Signs of Approaching Death - Advice for Caregivers and Nurses

What signs of approaching death might we expect to witness? How do we know when someone is about to die? How can we recognise the moment? How can we prepare ourselves for what might be about to happen? How do we know how ill our loved ones or clients are?

“Listen to the dying. They will tell you everything you need to know about when they are dying. And it is easy to miss”. Elizabeth Kubler-Ross

This is a difficult subject, as no-one can definitely say when someone is going to die. But these are questions which I am often asked. Many people may have a dying relative and it is their first experience of death. You may be a new carer or a recently qualified nurse having your first experiences working on a busy ward. It can be frightening if you don’t know what to expect.

Many ill people can linger for months, others die peacefully in their sleep unexpectedly after a long or short illness. You can only be guided by the doctor or experienced nursing staff caring for the ill loved one. Advice from them is essential, so don’t be afraid to ask questions.

Some sick loved ones need more and more medication to ease the pain, and therefore sleep more. Their breathing becomes more laboured and they may become unconsicous for a few days and slip away quietly in their sleep. Chest infections and pneumonia may occur.

Others may suffer a severe haemorrhage from an invasive cancer and death can occur in minutes.

No-one has a crystal ball to tell loved ones what is going to happen.

Signs of approaching death you may see include:

  • Breathing patterns change – perhaps laboured gasps
  • Strength of pulse rate – weakens
  • Temperature may become very low or very high
  • Loss of appetite and refusal to feed
  • Fluid intake and output may change
  • State of consciousness alters - they may slip into a coma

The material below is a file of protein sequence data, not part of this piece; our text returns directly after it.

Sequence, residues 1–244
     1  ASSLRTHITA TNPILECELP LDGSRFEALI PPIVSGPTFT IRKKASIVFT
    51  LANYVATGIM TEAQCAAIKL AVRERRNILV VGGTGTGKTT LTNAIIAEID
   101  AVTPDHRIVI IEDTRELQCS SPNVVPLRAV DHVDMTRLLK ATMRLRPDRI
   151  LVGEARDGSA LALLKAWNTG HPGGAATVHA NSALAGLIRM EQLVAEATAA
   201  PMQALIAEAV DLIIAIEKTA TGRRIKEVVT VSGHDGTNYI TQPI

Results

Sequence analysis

Dark seascape to reflect approaching death

How Do I Know How Sick Someone Is? 

This is another question I get asked frequently.

My criteria are:

  • Are they eating well?
  • Are they sleeping well?
  • Are they pain free?

If the answer is yes, then there is still some quality of life left, if no then it may be a blessing if death is imminent. It seems simplistic but really in later life it is very important.

Using these three criteria can reassure relatives if they think someone is worse than they are.

It can also be a comfort for relatives after someone dies if you can explain that their quality of life, based on these three criteria was no longer good.

Medical advances mean lots of difficult decisions when someone is dying . To feed or not to feed? To treat with antibiotics or not? Try not to go over and over decisions about whether you did the right thing. These are difficult questions even for medical professionals. You can only do what feels right at the time. 

Related Pages: 

Coping with Death for Carers and Professionals

Things to Do in the Event of a Death

Elizabeth Kubler Ross - On Death and Dying


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